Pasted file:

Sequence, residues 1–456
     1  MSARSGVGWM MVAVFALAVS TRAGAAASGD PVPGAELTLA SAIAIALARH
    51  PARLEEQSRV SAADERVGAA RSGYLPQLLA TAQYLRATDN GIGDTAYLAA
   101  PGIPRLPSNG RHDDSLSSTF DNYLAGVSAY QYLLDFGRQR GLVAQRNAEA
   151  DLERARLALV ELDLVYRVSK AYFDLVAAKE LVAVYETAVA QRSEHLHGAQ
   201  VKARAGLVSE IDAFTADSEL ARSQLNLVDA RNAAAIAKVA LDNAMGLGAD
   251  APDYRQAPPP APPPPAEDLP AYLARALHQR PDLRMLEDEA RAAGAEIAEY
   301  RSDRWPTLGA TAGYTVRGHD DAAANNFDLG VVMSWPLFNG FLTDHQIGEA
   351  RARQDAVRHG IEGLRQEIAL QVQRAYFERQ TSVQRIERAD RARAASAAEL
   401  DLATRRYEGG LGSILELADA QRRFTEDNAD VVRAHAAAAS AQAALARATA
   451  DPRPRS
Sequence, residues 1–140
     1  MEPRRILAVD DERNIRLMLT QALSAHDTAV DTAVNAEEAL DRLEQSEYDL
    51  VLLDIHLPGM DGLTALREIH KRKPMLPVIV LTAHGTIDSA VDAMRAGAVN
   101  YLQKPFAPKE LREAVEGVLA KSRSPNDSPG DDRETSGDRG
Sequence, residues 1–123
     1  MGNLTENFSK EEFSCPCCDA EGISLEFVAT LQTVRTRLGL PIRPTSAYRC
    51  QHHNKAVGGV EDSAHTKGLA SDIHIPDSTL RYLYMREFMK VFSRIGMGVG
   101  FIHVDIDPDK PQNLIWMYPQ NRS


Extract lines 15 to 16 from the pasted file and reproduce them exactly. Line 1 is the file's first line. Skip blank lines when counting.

   101  YLQKPFAPKE LREAVEGVLA KSRSPNDSPG DDRETSGDRG
Sequence, residues 1–123